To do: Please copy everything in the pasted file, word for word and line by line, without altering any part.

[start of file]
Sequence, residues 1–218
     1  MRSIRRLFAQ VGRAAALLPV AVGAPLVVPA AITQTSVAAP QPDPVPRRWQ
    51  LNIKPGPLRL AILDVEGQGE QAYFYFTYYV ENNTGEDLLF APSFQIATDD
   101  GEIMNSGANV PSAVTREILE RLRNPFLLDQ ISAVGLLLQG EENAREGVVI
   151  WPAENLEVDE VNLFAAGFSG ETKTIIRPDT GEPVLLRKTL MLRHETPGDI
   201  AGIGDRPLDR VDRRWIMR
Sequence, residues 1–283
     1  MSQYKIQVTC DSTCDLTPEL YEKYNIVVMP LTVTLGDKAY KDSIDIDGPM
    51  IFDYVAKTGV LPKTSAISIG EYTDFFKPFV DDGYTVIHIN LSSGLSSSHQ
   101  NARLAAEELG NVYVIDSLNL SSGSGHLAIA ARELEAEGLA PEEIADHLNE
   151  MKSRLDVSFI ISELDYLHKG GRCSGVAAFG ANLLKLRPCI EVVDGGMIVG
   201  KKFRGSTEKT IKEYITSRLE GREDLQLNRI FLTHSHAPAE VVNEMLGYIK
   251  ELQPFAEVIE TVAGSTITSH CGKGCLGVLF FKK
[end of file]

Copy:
Sequence, residues 1–218
     1  MRSIRRLFAQ VGRAAALLPV AVGAPLVVPA AITQTSVAAP QPDPVPRRWQ
    51  LNIKPGPLRL AILDVEGQGE QAYFYFTYYV ENNTGEDLLF APSFQIATDD
   101  GEIMNSGANV PSAVTREILE RLRNPFLLDQ ISAVGLLLQG EENAREGVVI
   151  WPAENLEVDE VNLFAAGFSG ETKTIIRPDT GEPVLLRKTL MLRHETPGDI
   201  AGIGDRPLDR VDRRWIMR
Sequence, residues 1–283
     1  MSQYKIQVTC DSTCDLTPEL YEKYNIVVMP LTVTLGDKAY KDSIDIDGPM
    51  IFDYVAKTGV LPKTSAISIG EYTDFFKPFV DDGYTVIHIN LSSGLSSSHQ
   101  NARLAAEELG NVYVIDSLNL SSGSGHLAIA ARELEAEGLA PEEIADHLNE
   151  MKSRLDVSFI ISELDYLHKG GRCSGVAAFG ANLLKLRPCI EVVDGGMIVG
   201  KKFRGSTEKT IKEYITSRLE GREDLQLNRI FLTHSHAPAE VVNEMLGYIK
   251  ELQPFAEVIE TVAGSTITSH CGKGCLGVLF FKK